Gucci's fall 2017 collection shown in Milan.

If Gucci has its way, Forever 21’s attempt to invalidate a number of the luxe brand’s trademarks will meet a quick end.

The Kering-owned Italian design house told a California federal court on Friday that Forever 21’s argument stating Gucci’s trademarks should be nixed don’t stand up to scrutiny.

Gucci noted that Forever 21 has admitted its entire argument for the cancellation of trademarks — covering different styles and fabrications of Gucci’s stripes, or “webbing” — rests on limited claims that stripes in red, green and blue are used too widely for legal protection. The luxury brand contended the fast-fashion retailer is incapable of bringing that claim up to the required legal standard.

“At most, it argues that its ‘claims rest on the simple factual predicate that clothing with the striped pattern at issue are commonly available,’” Gucci said in its filing. “Even this is an overstatement of the complaint, because Forever 21’s allegations do not actually address the particular Gucci America webbing marks ‘at issue’ in this case. A complaint without even a single factual allegation addressed to the particular trademarks at issue, and that fails to identify the alleged third-party users or describe their allegedly similar products, must, on its face, be dismissed.”

Examples offered by Gucci of apparel with allegedly trademarked striped features (left side) and Forever 21’s purported copies. 

Even if Forever 21’s claims were legally plausible, Gucci said there is nothing offered to support them.

“The two sentences of the complaint that Forever 21 has now conceded form the sole basis for all three of its claims for cancellation offer none of the factual predicates necessary to establish the that webbing marks lack secondary meaning, are aesthetically functional, or are generic,” Gucci said.

The brand went on to argue that “Forever 21’s characterization of its allegations as ‘facts’ does not entitle them to a presumption of truth.”  

With that, Gucci asked the court to immediately dismiss Forever 21’s call for cancellation of current and pending trademarks covering Gucci’s stripe designs.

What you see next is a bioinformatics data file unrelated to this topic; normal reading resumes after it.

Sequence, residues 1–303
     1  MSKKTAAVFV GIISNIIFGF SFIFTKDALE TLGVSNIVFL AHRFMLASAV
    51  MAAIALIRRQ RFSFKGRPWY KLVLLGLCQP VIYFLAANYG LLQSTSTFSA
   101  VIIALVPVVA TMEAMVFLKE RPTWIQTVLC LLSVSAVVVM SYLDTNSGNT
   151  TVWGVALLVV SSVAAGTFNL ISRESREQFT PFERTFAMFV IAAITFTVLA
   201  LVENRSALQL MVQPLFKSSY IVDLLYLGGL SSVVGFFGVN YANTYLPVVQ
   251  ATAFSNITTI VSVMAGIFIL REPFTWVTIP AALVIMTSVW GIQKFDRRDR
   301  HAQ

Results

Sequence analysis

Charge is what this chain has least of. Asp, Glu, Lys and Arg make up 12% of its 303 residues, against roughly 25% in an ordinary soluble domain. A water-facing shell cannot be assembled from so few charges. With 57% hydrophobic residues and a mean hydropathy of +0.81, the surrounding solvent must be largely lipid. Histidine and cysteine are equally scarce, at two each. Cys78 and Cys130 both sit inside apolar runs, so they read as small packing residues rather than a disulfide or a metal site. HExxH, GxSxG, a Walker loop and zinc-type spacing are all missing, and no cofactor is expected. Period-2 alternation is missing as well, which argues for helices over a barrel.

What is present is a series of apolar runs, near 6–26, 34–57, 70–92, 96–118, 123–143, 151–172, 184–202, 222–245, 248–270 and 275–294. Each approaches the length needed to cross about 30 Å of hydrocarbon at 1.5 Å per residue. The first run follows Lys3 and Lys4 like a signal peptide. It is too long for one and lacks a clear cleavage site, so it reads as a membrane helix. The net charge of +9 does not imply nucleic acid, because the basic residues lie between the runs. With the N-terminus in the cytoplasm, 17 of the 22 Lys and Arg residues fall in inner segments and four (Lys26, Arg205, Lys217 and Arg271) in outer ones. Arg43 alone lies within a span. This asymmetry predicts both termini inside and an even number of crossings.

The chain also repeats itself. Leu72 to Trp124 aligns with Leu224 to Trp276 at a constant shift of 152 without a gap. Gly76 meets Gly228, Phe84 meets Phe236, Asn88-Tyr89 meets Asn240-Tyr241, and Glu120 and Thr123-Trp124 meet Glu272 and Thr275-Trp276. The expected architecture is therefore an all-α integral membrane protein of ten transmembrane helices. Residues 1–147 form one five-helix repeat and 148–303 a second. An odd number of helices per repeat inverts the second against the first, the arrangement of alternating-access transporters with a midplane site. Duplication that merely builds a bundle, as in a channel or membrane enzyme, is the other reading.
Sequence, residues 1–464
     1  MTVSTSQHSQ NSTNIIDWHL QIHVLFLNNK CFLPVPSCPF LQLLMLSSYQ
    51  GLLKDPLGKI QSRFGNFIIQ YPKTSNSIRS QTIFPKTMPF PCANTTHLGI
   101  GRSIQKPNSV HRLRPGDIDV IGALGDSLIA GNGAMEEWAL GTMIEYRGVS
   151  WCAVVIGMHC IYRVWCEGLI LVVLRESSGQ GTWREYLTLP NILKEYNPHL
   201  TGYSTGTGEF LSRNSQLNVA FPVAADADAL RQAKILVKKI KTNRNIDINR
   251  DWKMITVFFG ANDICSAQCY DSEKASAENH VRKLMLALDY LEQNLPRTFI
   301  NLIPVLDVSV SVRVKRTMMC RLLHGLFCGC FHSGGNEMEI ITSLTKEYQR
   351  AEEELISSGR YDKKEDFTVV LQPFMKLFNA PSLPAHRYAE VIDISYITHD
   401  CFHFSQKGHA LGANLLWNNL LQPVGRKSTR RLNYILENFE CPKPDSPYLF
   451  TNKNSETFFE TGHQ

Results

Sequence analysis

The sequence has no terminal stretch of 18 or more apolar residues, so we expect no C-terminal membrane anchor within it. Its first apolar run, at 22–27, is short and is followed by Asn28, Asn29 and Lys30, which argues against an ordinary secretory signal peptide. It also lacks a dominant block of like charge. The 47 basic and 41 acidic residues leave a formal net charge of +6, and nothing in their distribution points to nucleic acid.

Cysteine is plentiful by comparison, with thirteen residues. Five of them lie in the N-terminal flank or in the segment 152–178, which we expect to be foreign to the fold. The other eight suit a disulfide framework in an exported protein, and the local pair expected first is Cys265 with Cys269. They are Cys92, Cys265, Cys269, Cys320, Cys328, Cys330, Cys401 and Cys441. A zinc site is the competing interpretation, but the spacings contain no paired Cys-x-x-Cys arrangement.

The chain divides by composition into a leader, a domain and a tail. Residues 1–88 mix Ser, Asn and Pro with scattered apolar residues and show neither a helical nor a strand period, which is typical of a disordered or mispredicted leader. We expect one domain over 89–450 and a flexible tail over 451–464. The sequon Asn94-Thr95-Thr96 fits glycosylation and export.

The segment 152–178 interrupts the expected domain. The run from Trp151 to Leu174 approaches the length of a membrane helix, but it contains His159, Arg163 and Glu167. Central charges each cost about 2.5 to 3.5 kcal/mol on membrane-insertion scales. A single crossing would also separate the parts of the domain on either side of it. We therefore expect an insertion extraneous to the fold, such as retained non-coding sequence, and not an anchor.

Gucci’s stripes have long been incorporated into the brand and the first design was registered in 1963. It’s been featured heavily in recent collections under the leadership of creative director Alessandro Michele on bags and accessories, dresses, jackets and suiting, among other items.

After being put on notice last week of Gucci’s intent to file its dismissal motion, after it filed a number of counterclaims, Forever 21 defended its lawsuit as having “sufficient facts” and rejected the argument that it lacked standing to seek cancellation of the trademarks, since Gucci has demanded that it stop selling certain striped clothing.

Forever 21 has faced more than its share of infringement allegations, but it took preemptive action against Gucci in June, saying the luxury house was going too far with its demands.

The issue of dismissal is set to be considered in court later this month, but even if this part of the litigation is resolved, the rest of the litigation looks acrimonious enough to make a full trial necessary. The court is prepared for that outcome and last week set down a preliminary schedule for discovery throughout this year and most of next, culminating and a trial set to begin December 2018.

For More, See:

Photographer’s Gigi Hadid Lawsuit Shows Limits of Street Style Shots

LVMH Sues Social Media Savvy Watch Counterfeiters

Amazon Backs States’ Lawsuit Against Trump’s DACA Rollback